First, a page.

The body image issues continued. How could they not? After breast cancer treatment, the woman in the mirror looked like a damaged mannequin. And even with breast implants, I felt like a creature that belonged on a different planet.
I pity the guy who checks me out and dares to come up to me, I told a guy friend over a text message. And when he asked why, I replied, Its like feeling sorry for a man who hits on a drag queen thinking he is a she. He said I didnt make any sense.
Three weeks after radiation therapy had ended, the injuries in my chest were starting to look like a sunburn. And nearly four months after the last chemo, my eyelashes were back, my nails were starting to grow stronger and my head had enough hair for people to assume that I was going for a rebellious punk look.
Never has the link to beauty and health been more obvious. I weighed 144 pounds; my ideal is 125. I hadnt exercised in months, so I decided to show up to a spinning class at a gym in Miami Beach. I walked out of the class after 15 minutes and nearly fainted while walking back home.
Are you kidding me? Why would you do that? a friend asked. You are not well. You really need to take care of yourself. Yes, now you dont have to go to the hospital as often. Lets keep it that way.
She was right.
The past five months had felt like some one had thrown me into a pool, and I had been doing my best to swim back to the surface. But as much as I wanted to think that I was getting closer to the surface, I wasnt.
I was in the gray zone. My energy level was low, but I was healthy enough to return to work part-time, and as I attempted to do so, I caught a nasty throat infection. I love and admire my co-workers. I wanted to hug, shake hands. A few days later, I had a fever. I showed up to Dr. Alicia Rodriguez-Jorges office without a voice.
She had not seen me since she had given me the green light for chemotherapy last year. As I attempted to whisper my course of treatment, I covered my face with both hands and broke down in tears. I couldnt believe I had gone through everything I had gone through. I was terrified. I didnt want to suffer any more.
Whats important is that you survived, said Rodriguez-Jorge, who has a private practice near Mercy Hospital in Coconut Grove. If there was a good time to get cancer, this was the time. You are young, and have a capacity to recover. Not everybody does.
According to the National Cancer Institute, an estimated 229,060 new cases will be diagnosed in the United States in 2012. One in 31 women will die.
You can slowly increase your level of activity. You can start doing some weight training to work out your legs when you start to feel better. No spinning yet, said Rodriguez-Jorge. Pneumonia is not uncommon after treatment. You need to get some rest. She sent me to get a chest X-ray, lab work and antibiotics.
Before the cancer treatment, Valentines Day week would have been a busy one. I would have worked long hours. I also would have networked at the Social Media Miami conference, celebrated my brothers birthday, gone to the boat show in Miami Beach, people watched at Premios Lo Nuestro in downtown and explored the Coconut Grove Arts Festival.
Now, thinking about the old me felt like I was thinking about a stranger.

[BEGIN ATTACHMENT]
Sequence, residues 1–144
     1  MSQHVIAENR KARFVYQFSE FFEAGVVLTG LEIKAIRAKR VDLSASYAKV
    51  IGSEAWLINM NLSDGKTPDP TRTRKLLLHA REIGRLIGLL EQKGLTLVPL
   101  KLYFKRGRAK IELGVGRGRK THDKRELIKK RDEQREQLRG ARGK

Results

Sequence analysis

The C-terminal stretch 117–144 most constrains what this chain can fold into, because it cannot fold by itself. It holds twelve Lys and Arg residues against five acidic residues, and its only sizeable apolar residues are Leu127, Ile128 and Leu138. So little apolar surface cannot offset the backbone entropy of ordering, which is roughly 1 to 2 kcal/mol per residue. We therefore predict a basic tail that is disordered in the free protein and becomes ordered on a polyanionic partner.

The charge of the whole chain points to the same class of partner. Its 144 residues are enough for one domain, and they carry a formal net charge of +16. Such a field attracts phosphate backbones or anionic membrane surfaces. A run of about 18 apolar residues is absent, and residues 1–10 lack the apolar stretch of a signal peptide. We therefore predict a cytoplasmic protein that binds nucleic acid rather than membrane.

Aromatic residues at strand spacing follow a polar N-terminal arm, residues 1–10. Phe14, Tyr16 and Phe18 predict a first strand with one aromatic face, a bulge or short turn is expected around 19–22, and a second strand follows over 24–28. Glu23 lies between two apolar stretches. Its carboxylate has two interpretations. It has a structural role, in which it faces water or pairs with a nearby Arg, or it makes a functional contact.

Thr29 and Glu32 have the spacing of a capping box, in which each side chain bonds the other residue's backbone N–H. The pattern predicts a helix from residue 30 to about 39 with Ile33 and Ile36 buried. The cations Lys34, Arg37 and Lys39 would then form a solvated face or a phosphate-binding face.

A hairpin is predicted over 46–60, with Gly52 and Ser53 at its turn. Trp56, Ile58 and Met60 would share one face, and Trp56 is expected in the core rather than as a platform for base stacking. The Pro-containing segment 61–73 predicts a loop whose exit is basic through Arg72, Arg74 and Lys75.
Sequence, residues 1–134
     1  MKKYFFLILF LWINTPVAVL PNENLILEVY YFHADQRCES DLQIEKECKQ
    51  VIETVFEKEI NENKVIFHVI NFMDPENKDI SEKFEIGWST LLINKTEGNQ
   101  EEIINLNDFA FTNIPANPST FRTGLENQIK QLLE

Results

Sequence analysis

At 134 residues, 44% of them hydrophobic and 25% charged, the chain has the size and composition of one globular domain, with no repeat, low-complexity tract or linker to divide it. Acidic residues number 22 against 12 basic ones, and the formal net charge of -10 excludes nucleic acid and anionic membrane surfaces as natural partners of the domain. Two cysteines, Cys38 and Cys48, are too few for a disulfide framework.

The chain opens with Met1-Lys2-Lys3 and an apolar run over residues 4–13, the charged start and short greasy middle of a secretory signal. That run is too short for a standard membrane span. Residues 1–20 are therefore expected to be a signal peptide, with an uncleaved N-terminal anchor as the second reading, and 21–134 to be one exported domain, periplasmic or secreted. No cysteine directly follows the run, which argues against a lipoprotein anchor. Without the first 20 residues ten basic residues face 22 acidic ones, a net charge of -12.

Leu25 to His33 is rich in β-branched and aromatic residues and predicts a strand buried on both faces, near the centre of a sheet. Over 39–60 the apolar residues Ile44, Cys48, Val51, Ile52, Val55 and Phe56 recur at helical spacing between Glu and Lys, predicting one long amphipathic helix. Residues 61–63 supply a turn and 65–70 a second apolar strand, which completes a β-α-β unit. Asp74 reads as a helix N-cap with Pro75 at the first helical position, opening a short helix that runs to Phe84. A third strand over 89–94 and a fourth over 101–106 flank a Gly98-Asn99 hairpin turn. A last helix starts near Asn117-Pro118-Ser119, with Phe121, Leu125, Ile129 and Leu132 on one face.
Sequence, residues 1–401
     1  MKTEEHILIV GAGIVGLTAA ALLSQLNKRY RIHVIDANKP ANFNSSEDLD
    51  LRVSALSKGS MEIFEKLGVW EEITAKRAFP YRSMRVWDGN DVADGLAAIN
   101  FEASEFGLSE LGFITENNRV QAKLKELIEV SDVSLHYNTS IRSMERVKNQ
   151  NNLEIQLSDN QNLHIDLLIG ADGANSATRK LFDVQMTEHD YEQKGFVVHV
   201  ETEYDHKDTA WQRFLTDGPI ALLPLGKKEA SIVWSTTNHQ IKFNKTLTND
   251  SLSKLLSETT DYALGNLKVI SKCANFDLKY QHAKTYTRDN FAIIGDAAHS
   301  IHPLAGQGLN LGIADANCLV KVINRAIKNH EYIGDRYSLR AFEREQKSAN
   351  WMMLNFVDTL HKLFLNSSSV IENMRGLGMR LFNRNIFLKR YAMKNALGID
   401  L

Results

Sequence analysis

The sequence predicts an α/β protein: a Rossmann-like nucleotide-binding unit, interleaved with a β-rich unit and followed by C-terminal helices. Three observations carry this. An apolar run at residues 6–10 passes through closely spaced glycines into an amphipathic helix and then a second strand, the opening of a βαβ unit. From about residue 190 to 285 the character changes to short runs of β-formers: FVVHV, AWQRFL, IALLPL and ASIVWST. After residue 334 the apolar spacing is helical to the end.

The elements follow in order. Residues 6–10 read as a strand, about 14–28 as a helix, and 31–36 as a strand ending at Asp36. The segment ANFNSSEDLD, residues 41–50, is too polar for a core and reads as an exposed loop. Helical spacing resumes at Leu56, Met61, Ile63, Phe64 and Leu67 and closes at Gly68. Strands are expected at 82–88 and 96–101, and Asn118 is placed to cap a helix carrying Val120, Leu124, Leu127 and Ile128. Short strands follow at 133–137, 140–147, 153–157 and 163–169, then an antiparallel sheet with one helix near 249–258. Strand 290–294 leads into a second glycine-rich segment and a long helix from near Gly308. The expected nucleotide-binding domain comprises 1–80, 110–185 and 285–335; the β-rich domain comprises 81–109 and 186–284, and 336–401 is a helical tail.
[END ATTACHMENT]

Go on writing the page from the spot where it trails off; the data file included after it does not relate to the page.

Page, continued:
Not many knew she was 33. She lived the life with the intensity of a healthy 23-year-old. She never thought about death. She enjoyed traveling alone, hiking, skydiving, paragliding and rollercoasters. Her approach to beauty was effortless. She wore lip gloss and flats during the day, high-heels and dark eye shadow at night. She wore her long dark brown hair to work in a bun. She usually dressed in black pants, black dresses, and rarely wore bright colors. She didnt like pink.
She never thought about cancer. After years of being a vegetarian, she started to eat chicken. She loved energy drinks and coffee specially caramel macchiato. She smoked lights or menthols occasionally.
She went from not drinking alcohol for seven years to drinking socially. Then stopped drinking again. And then while holding a rosé, she met a man who felt like magic. She guarded her independence zealously. She wanted a family but she wasnt worried about time. Until one day everything changed.
Whats wrong? I can hear it in your voice. Something is really wrong, he said. She told him she had something important to tell him in person when he got back. We havent been together very long, but if you are pregnant thats good news, he said jokingly.
No, thats not it. Fate would not have it that way.
I miss you. Ive had a crazy week ... I cant wait to kiss you, he said. She didnt say anything. She had decided she was going to break up with him. She had cancer. And even if she survived, her life would never be the same. MY JOURNEY
Part 1: At age 33, Im dealing with breast cancer
Part 2: Cancer treatment complicates dreams of pregnancy
Part 3: Hanging in when chemotherapy gets rough
Part 4: Tough surgery choices: Mastectomy vs. Lumpectomy
Part 5: Silicone implans are not the only way to go in breast reconstruction
Part 6: Rebuilding the breast from body tissue
Part 7: Body fat can be used to build breast
Part 8: Facing my fears after mastectomy
Part 9: Taking control of the fear that comes with breast cancer
Part 10: Doctor knows about being a breast cancer survivor
Part 11: Radiation therapy gives her hope
Part 12: Finding strength from others
Part 13: Facebook, medication help breast cancer patient deal with depression
Part 14: A new outlook on 2012
Part 15: Breast cancer patient faces genetic mystery
Part 16: Using diversion to cope with harsh reality
Part 17: After radiation therapy ends
Part 18: Friends breast cancer journey is not as fortunate
Part 19: Anti-tumor meds come with scary story From the Editor
: Journalist confronts cancer, takes readers along